Better installation and preventive maintenance are essential keys to effective security video, especially with the growth of video use. Security cameras have gone from a luxury for most businesses to one of the most common security measures. Whether it is a large corporation or the local convenience store, the majority of businesses now seem to have surveillance cameras installed and recording. Law enforcement now has cameras in vehicles to observe and record traffic stops, arrests and pursuits. Cameras now record ATM machines and gas pumps to protect both patrons and businesses.
Video equipment also has come a long way, with the ability of providing high-quality images. Backlight compensation and digital signal processing can ensure the best image quality even in adverse conditions. Yet the video that always seems to make the evening news or the “Worlds Most” TV shows are the blurry, poor resolution images that give security video its undeserved bad reputation.
Granted not every video is of such poor quality; but all too often the suspect in an incident is indistinguishable and the incident occurring can barely be seen. In other cases it seems that the camera has a very poor angle to capture activity and it is often obvious that not much thought was put into the system installation. There are many excellent technicians out there who would not allow one of their systems to produce such poor video quality; still all too often the system is put in and forgotten about until it is needed.
This abundance of bad video and plethora of poor quality should make two things clear: there’s a need for better installation training and an abundance of customers in need of a good preventive maintenance contract.
Training Wheels Turn
There is plenty of training available to the average security practitioner on security video equipment and components. Many manufacturers provide classes on their equipment and the application of that equipment for a system. Many offer basic security video classes, which cover how systems work and what comprises a system. Few go into great detail about the art of security video installation and design. Unlike fire systems, guided by codes and regulations, security video is often more of an art form and the layout is open to the interpretation of the designer.
While there are many classes available, many installers and salespeople learn everything they know about security video either on the job or from their peers. Often new installers get teamed with more experienced installers to learn how to install and set up systems. This means that the new installer will learn only as much as the veteran understands and in addition will pick up any of the veteran’s bad habits and incorrect techniques. This is not to say that anyone who learns in this manner is doing it wrong or poorly. There are many excellent technicians who have learned this way and many veterans who are outstanding at teaching this way. Often though, neither the new technician nor the veteran is aware of the training that is available to them. They also often do not have the opportunity to learn all of the capabilities and details of the equipment they are installing and new equipment that may be available.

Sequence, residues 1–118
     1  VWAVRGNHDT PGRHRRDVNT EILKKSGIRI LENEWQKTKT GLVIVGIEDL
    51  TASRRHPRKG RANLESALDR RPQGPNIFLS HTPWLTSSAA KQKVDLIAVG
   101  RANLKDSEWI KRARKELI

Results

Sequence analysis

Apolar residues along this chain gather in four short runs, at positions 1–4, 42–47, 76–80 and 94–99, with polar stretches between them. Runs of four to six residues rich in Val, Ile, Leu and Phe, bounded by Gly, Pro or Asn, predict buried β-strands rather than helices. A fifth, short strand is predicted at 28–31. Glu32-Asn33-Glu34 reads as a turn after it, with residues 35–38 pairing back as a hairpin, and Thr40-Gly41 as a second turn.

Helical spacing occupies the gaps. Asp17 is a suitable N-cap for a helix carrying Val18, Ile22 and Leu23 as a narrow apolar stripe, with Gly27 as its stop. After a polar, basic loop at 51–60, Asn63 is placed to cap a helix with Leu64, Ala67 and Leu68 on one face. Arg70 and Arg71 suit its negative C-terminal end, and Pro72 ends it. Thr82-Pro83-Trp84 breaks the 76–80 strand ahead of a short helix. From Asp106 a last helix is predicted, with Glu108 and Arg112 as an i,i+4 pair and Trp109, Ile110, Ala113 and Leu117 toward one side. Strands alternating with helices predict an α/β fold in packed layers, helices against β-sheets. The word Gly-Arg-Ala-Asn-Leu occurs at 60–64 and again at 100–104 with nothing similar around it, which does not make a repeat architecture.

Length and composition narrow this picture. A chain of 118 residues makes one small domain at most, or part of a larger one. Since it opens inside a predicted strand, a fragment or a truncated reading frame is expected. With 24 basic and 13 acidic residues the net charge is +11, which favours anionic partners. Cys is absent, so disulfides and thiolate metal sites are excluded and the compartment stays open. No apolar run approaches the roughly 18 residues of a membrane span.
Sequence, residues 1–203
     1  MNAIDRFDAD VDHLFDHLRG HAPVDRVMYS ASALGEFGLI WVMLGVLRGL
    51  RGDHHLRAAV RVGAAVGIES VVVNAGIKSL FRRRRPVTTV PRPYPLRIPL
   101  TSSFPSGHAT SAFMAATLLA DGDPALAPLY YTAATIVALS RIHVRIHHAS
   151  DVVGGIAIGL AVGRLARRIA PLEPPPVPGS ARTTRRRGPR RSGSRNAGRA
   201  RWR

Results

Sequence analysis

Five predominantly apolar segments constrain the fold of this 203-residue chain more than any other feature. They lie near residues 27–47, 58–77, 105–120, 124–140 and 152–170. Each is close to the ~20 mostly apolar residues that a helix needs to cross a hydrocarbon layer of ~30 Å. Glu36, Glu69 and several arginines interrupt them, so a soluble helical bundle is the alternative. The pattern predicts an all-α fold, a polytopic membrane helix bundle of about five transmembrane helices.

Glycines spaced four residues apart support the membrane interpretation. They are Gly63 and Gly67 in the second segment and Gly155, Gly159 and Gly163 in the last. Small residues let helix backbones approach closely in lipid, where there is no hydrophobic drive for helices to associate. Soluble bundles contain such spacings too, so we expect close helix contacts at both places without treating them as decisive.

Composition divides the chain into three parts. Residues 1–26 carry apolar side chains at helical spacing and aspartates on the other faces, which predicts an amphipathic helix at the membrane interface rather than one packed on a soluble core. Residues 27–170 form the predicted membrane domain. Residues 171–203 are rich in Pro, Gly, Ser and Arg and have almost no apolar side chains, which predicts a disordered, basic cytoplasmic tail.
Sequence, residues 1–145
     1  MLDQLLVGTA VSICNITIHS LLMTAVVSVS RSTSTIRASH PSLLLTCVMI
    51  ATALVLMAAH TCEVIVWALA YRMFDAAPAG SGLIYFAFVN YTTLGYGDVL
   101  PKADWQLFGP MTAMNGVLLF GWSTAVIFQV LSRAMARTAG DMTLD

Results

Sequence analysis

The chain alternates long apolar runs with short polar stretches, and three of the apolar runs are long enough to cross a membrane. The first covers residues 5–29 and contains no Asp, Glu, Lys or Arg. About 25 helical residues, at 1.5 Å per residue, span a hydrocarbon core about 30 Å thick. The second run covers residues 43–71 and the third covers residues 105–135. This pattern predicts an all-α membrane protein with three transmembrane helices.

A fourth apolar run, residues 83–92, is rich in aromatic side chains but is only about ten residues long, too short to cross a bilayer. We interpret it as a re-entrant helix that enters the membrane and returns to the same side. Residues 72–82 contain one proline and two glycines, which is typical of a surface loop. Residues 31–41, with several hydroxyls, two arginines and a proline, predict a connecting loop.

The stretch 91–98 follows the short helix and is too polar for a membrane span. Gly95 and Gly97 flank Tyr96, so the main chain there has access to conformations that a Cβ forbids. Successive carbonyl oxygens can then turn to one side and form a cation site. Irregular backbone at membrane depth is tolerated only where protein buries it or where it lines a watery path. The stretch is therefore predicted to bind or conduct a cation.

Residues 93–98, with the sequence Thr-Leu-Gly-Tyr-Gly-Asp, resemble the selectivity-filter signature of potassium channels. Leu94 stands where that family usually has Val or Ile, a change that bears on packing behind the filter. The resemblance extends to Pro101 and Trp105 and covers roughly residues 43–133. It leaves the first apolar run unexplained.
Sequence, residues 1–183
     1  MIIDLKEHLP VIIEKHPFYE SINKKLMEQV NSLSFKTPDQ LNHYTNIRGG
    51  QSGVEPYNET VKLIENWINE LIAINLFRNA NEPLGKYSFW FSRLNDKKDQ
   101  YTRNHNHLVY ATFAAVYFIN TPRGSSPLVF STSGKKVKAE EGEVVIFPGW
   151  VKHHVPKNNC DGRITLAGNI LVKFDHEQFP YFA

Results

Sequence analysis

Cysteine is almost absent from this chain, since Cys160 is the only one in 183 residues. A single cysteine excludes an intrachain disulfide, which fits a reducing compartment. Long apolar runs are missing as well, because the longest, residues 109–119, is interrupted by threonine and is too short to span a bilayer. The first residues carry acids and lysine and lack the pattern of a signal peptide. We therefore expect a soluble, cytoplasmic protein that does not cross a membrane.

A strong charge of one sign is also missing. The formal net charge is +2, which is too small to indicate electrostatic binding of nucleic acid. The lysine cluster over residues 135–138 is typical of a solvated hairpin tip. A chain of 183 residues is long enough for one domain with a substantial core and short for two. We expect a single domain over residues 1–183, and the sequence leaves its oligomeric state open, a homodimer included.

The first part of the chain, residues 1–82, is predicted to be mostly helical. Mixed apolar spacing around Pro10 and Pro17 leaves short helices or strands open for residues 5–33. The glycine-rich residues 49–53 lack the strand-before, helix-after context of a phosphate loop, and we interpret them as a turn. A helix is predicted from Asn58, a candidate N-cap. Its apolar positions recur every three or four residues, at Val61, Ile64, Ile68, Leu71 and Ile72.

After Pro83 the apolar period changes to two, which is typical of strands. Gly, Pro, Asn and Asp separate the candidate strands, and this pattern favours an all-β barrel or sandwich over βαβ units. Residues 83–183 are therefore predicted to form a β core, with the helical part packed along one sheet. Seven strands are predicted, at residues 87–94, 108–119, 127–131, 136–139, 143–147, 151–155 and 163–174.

Opportunity is really the second thing that many security professionals should see when viewing these poor quality videos. It is a good indication to upgrade existing security video systems or provide good preventive maintenance (PM) contracts to many businesses. Many end users are probably in need of preventive maintenance and unaware of the benefits.
When it comes to security equipment, a little creativity can make PM very clear. Seeing a video from a properly maintained system and a video from a system with a dirty recorder, dirty and misadjusted cameras and a monitor with image burn-in is proof enough for PM needs.
Comparing the life span of a system with and without maintenance to the life span of a car with and without maintenance will also make it clear – you wouldn’t spend all of that money on a new car and never change the oil, get a tune up or wash it would you? Of course not, you would not expect the car to last very long if you did. The same holds true with the camera system. A system that is installed and forgotten will not last nearly as long as a system that is cleaned and adjusted on a regular basis. Not only will it help to protect the your investment, it will provide clearer, sharper images.
Poor video will probably not go away anytime soon and will rear its ugly head often. But upgrades and preventive maintenance to make good equipment operate properly makes good sense for security video.
There is always room to learn new installation and design techniques and tricks as well as to learn about new features and new equipment as the technology changes. Equipment changes have made security video systems more reliable yet more complicated. Many systems only use a small portion of the functions they are capable of, mainly because users and security professionals are unaware of the advantages and proper uses.
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This month, Security magazine highlights the importance of establishing the right metrics for your security program. Also, we highlight Eric Clay, Director of Public Safety for CoxHealth, and discuss how to build a successful K-9 Program and rethink "red flags" to prevent insider threat attacks. Industry leaders discuss this year's Presidential Election security and 2020 predictions for the security industry.